cnet | Steven Ewing | 08/21/2018

Audi’s new RS5 Coupe is a wonderful grand tourer. Fast, pretty, luxurious and techy, it’s the sort of car I could easily and happily live with every single day.

But while the RS5 may earn straight-As in its core subjects, it won’t be turning in any extra driving-enthusiast credit. Across-the-board impressive as it might be, Audi’s mean, green performance machine feels a bit too buttoned-up for its own good.

Strong heart, solid bones

Audi’s 2.9-liter twin-turbo V6 engine is a fantastic piece of work. Output is more than ample, the RS5 Coupe loaded with 444 horsepower and 443 pound-feet of torque, all of which is available across a broad range in each gear. And with a slick-shifting eight-speed automatic transmission and the surefooted power delivery of Quattro all-wheel drive, the RS5 can accelerate to 60 miles per hour in a scant 3.7 seconds, just barely inching out its BMW M4 and Mercedes-AMG C63 S rivals.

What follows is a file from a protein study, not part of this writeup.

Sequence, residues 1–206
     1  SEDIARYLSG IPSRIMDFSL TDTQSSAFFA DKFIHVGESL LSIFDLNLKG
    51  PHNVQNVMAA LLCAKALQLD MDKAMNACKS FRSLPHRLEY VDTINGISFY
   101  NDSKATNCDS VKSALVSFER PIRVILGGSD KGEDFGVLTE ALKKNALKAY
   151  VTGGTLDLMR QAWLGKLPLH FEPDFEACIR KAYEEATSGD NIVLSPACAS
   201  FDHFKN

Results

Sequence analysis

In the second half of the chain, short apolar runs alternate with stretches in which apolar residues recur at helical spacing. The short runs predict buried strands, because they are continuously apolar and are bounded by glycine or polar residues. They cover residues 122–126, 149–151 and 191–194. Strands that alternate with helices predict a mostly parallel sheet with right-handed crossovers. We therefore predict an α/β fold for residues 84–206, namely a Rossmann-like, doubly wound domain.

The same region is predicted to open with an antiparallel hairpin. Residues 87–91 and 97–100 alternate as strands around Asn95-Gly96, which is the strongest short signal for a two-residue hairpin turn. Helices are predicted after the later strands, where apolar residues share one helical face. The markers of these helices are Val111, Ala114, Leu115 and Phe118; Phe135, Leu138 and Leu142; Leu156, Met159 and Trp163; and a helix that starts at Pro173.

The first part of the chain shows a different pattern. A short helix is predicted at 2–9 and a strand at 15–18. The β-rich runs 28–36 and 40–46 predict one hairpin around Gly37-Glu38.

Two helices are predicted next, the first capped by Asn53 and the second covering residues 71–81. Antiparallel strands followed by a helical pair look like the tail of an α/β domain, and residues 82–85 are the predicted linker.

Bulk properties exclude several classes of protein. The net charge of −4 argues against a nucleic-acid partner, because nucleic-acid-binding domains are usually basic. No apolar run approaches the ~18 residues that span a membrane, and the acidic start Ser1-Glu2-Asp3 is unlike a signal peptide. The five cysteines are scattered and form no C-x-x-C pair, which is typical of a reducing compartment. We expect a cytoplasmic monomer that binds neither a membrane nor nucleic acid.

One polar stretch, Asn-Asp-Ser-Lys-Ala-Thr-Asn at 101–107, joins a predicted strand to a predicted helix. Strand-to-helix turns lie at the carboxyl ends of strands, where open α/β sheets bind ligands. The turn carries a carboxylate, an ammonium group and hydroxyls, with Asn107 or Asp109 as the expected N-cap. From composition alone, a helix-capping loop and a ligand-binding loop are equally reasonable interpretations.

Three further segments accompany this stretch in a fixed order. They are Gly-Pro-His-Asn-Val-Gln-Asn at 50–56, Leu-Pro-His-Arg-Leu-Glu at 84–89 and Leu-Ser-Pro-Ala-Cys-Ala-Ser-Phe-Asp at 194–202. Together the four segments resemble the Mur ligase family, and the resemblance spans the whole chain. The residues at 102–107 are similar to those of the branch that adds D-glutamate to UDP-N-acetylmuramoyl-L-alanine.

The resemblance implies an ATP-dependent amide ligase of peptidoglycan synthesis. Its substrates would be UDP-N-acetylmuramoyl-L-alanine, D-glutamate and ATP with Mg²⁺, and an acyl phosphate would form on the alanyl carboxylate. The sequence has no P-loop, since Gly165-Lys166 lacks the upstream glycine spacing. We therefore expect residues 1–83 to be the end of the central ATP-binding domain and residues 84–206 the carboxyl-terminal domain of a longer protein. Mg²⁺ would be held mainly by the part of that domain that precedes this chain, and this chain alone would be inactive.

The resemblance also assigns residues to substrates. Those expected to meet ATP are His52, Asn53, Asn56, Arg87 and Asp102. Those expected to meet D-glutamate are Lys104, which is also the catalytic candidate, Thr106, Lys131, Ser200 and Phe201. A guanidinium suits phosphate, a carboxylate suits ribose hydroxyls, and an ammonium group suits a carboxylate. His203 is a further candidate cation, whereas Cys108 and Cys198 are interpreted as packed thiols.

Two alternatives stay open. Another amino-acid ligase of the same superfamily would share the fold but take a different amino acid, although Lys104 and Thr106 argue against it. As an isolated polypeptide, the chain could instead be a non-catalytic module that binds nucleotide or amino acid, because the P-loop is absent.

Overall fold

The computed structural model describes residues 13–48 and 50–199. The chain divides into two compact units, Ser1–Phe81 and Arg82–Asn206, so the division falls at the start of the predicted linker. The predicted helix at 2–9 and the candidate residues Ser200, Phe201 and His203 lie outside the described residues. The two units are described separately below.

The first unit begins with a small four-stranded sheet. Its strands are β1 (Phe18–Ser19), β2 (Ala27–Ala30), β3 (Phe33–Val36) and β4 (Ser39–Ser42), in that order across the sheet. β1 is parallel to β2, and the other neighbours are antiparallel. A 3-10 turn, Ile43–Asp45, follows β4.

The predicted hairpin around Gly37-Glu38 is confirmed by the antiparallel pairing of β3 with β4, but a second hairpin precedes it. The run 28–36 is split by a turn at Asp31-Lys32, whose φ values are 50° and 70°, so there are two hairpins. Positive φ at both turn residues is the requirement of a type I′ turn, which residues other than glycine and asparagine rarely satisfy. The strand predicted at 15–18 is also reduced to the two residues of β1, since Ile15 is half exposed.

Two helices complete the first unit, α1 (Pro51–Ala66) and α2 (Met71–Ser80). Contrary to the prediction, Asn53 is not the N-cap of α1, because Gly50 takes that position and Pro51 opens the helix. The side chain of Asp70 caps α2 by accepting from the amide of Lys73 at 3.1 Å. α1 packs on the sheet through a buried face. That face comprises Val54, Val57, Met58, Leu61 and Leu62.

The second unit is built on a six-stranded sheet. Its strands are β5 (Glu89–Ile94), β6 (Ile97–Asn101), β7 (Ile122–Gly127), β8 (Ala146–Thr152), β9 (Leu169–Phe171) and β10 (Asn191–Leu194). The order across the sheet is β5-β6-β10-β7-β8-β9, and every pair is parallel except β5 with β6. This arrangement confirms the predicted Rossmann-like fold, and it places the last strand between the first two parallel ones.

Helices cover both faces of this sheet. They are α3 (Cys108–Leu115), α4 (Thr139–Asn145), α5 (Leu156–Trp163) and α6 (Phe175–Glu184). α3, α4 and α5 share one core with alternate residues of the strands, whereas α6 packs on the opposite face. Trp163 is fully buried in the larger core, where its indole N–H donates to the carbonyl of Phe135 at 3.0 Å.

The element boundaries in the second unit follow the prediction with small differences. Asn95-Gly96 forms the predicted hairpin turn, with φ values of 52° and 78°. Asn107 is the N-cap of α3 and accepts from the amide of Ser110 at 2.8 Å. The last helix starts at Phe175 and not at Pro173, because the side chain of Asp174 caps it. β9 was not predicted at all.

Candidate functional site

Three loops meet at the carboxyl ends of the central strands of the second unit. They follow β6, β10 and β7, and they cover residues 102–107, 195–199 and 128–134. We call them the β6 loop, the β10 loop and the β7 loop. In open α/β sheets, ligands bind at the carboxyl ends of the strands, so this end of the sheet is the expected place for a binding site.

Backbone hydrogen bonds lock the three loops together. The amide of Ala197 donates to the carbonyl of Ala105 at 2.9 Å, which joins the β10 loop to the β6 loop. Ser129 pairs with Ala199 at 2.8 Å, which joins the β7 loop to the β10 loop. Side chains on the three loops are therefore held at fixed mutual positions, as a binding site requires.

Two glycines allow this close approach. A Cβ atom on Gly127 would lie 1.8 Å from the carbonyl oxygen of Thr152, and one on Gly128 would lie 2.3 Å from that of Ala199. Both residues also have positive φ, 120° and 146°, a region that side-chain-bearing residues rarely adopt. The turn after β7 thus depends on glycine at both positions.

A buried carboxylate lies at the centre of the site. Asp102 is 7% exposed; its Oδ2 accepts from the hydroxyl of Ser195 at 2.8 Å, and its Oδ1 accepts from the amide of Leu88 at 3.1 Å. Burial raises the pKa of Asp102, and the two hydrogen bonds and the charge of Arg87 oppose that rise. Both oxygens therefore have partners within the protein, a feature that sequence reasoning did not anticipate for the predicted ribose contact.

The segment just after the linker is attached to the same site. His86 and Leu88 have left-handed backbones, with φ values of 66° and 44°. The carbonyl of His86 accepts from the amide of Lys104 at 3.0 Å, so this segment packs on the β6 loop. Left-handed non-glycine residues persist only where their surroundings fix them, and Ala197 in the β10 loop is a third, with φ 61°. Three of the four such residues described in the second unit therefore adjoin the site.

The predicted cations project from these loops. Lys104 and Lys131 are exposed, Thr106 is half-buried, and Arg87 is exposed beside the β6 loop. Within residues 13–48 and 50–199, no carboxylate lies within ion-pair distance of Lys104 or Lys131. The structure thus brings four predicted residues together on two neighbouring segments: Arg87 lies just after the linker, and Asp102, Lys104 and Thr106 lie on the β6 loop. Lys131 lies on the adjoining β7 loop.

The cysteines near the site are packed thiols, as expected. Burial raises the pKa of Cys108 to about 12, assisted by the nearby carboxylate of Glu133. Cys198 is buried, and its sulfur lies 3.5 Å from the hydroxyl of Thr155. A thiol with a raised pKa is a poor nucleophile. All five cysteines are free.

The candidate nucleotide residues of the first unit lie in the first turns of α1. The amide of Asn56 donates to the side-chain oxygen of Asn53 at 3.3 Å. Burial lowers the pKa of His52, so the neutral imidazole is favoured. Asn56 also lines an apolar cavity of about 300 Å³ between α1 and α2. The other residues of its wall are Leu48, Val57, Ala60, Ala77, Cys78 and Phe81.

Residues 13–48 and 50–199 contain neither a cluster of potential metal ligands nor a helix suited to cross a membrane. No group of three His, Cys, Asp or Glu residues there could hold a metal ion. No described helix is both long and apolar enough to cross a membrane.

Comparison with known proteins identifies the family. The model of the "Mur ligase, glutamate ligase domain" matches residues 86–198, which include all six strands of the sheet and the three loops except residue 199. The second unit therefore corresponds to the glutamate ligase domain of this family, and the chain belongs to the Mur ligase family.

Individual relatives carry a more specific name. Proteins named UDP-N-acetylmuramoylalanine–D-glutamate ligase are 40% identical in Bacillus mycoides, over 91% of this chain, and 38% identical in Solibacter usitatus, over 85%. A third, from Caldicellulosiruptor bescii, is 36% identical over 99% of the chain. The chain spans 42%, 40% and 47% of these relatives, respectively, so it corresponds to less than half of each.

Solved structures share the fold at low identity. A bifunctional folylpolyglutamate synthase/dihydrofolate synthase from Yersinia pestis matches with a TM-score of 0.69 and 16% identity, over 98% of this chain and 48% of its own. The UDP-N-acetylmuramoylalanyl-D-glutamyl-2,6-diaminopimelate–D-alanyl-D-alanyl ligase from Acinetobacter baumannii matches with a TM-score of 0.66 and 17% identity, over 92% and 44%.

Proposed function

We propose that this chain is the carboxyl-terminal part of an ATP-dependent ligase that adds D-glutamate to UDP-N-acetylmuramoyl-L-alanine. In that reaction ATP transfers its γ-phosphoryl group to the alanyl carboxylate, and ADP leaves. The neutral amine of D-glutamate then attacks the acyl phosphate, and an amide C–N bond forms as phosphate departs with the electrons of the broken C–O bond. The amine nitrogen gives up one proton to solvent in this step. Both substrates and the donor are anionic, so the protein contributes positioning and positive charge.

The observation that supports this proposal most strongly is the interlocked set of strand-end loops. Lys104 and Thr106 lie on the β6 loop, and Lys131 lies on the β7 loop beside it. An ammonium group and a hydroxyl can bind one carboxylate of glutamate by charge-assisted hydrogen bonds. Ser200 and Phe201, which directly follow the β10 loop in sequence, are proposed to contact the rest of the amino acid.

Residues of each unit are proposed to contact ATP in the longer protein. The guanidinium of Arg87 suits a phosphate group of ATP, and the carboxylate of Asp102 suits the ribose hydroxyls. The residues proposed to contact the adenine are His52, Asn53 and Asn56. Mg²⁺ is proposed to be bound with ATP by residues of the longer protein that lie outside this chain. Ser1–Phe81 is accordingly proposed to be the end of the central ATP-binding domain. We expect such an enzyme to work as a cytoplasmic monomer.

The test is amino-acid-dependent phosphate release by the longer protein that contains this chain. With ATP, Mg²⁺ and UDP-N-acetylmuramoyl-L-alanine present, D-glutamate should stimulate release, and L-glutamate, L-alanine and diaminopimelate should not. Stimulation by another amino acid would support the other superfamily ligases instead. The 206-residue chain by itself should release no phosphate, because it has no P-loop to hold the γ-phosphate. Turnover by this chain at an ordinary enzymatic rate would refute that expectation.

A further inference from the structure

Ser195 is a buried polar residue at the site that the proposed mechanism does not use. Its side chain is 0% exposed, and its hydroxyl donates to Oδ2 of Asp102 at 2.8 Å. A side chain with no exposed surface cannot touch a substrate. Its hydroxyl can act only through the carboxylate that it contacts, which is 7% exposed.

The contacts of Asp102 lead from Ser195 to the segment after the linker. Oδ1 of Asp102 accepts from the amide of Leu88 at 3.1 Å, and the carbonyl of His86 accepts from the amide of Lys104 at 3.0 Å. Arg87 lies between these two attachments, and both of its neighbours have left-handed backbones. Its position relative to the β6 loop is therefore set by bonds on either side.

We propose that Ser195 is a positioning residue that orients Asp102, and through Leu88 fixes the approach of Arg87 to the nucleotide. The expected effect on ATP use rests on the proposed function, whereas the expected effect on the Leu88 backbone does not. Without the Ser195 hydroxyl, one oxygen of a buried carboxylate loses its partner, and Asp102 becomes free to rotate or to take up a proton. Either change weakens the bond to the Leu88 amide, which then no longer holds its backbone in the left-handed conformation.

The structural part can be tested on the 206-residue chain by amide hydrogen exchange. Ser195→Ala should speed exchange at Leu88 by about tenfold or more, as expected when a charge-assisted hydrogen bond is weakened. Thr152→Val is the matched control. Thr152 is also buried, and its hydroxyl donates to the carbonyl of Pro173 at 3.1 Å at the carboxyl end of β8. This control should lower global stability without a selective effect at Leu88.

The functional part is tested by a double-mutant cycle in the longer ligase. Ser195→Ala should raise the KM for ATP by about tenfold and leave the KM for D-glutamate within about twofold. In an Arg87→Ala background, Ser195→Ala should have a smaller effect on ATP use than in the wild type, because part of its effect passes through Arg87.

It’s not horribly inefficient, either. The EPA rates the 2018 RS5 Coupe at 18 miles per gallon city, 26 mpg highway and 21 mpg combined, and even after a week of spirited driving, I saw an average of 21.5 mpg.

The RS5 is a car that’s super-easy to drive fast. The standard RS sport suspension is stiffly sprung but not back-breakingly harsh — the kind of setup you can easily get away with on smoothly paved surfaces. That said, you’ll likely want to opt for the $3,350 Dynamic package, largely for its adjustable suspension. Audi’s Dynamic Ride Control offers three settings — Comfort, Auto and, you guessed it, Dynamic — and the differences between each mode are noticeable enough to make them useful should the RS5 be a car you press into all sorts of driving duty.